The Gardner Heist
One museum, two thieves, 13 works of art. Reward money? $5 million. Getting the art back: priceless.
Written by Arts & EntertainmentFiled under
Famed nineteenth-century arts patron Isabella Gardner was a woman who knew what she wanted—in life and in death. Before she passed away in 1924, she stipulated in her will that nothing in the museum she created should ever be significantly altered. True to her intent, the Isabella Stewart Gardner Museum remained largely unchanged for 66 years, until a fateful night in March 1990 when a pair of thieves swiped more than a dozen pieces from her collection, leaving empty picture frames where world-famous masterpieces were once displayed.
Nineteen years later, the case remains unsolved and the stolen art remains missing, much to the chagrin of the museum’s directors, who are offering a reward of $5 million for information leading to the return of the works. In the meantime, author Ulrich Boser has published a new book titled “The Gardner Heist” (Smithsonian Books), in which he reveals evidence that a Boston mobster named David Turner was one of the men responsible for the theft. Earlier this week, Failure took the opportunity to interview Boser about the crime and his new revelations.
How did you become interested in the Gardner heist?
I wrote a story for U.S. News and World Report about an art detective named Harold Smith—one of the world’s most famous art detectives. He had recovered lost Renoirs, exposed forged Da Vincis, and tracked down stolen Matisses. At the time of my article, he had been working very hard on the Gardner case—hunting down leads for years—all the while suffering from a terrible case of skin cancer. When I met him, he had an eye patch and a prosthetic nose; he was literally falling apart. After he passed away, I decided to pick up where he left off and work the case.
How did the thieves loot the museum?
They dressed up like cops, wearing full police uniforms, including the hats, badges, and even the little pins police officers wear on their lapels. They advised one of the night watchmen that there was a disturbance inside the museum, and the guard [in a breach of museum policy] let them in. They looted the gallery for over an hour and stole a Vermeer, three Rembrandts, and five works by Degas, among others. Today experts believe the paintings are worth as much as $500 million. It remains the largest art theft in history.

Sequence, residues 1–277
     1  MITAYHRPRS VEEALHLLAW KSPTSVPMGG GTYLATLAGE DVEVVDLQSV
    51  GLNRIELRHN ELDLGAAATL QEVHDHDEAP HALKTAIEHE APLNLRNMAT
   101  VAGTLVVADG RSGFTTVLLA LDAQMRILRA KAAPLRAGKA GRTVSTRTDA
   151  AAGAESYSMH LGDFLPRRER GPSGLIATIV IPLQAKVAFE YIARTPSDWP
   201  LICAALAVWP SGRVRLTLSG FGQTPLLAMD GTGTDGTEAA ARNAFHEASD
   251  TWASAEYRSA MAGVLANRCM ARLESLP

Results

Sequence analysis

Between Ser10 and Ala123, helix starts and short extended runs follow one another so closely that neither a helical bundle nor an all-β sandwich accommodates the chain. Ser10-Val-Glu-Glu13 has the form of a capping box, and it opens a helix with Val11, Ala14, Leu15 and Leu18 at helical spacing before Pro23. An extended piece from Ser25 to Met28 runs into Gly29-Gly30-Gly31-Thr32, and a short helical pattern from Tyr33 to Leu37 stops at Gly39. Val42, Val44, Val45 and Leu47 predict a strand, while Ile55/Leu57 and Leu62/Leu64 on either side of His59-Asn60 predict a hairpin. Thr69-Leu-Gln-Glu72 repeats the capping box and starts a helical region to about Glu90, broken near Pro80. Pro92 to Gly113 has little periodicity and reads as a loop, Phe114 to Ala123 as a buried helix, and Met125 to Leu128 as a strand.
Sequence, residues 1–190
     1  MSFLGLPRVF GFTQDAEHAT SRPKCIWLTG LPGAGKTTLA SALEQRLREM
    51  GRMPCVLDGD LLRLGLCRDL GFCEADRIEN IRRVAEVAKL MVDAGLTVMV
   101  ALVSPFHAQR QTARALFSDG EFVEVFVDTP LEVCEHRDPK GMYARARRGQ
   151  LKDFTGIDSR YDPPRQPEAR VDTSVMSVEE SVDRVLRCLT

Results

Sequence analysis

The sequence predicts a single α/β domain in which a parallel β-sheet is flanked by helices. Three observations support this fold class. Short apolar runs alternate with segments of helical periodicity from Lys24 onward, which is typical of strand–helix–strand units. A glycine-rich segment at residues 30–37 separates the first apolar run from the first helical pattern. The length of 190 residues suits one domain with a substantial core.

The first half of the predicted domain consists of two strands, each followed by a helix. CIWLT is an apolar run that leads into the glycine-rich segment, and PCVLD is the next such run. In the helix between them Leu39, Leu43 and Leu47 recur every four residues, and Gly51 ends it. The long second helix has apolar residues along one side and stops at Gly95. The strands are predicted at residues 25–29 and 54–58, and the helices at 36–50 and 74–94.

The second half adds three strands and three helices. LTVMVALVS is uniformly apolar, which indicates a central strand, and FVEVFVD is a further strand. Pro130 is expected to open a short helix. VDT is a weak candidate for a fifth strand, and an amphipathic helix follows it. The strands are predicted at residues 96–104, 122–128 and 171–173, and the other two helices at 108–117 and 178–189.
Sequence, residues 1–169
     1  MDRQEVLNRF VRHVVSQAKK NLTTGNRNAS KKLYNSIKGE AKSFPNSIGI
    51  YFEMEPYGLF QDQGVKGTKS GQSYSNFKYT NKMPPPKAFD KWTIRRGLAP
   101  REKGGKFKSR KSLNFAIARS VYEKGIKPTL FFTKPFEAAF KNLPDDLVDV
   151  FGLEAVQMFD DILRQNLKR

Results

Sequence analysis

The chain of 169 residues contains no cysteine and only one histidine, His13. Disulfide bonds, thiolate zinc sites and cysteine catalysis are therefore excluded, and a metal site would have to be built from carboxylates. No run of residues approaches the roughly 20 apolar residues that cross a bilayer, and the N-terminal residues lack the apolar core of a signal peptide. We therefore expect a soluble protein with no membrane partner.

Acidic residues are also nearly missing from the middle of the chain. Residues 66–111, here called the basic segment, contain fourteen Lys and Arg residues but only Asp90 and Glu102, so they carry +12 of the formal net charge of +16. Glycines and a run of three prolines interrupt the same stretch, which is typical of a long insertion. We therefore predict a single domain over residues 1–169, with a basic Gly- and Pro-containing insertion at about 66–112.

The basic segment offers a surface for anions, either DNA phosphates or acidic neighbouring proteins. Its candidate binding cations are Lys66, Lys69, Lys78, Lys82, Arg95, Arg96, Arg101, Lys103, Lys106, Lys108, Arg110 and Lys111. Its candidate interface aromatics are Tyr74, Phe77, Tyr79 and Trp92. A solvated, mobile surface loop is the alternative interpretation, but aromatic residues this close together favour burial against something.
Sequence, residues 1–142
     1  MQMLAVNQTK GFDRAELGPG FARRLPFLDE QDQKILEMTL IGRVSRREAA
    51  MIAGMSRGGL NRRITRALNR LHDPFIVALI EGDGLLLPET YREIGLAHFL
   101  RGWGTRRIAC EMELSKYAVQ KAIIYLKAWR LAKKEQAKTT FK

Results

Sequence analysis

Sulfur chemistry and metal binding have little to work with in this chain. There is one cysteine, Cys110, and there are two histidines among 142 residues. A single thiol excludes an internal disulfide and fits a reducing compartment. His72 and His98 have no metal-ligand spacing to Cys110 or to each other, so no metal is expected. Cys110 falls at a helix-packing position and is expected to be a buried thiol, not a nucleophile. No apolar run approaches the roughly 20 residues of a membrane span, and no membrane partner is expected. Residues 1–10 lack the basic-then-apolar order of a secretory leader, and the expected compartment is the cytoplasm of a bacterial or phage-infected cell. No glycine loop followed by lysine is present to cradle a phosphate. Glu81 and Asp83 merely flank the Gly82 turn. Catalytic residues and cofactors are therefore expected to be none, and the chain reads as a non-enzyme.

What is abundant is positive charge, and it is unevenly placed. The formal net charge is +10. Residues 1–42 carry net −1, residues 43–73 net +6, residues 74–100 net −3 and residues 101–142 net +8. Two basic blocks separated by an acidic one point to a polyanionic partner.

How do you think Isabella Gardner would have reacted to news of the theft?
She was a very passionate, flamboyant woman who saw art as something very personal and intimate, and I think she’d be outraged. It should make us all outraged. It’s easy to say it’s just a case of a wealthy old woman losing a few things—what’s the big deal? But the stolen paintings are masterpieces, and if they remain missing, no one will ever see them. That’s a tragedy.
Tell me about the security measures the museum had in place at the time of the theft.
The museum was not secure. It had only two security guards, one of whom later admitted to smoking marijuana before he got to work. And it had motion detectors, but that was about it. At that point in time, security was not particularly good at any of the museums in the [Boston] area and we saw a lot of art thefts happening.
Since then the Gardner has made a huge effort to improve security. Obviously, they don’t discuss their efforts publicly, but from what I can gather it is quite secure today.
What happened to the night watchman you refer to as “Ray Abell”? Was he fired?
He left [the museum] shortly after the theft. He’s living in upstate Vermont now, and not long ago he was called in front of a grand jury, but it didn’t lead to anything.
What kind of interaction did you have with Abell in the course of your research?
I was able to track him down, but he did not want to talk. And that’s where we left it.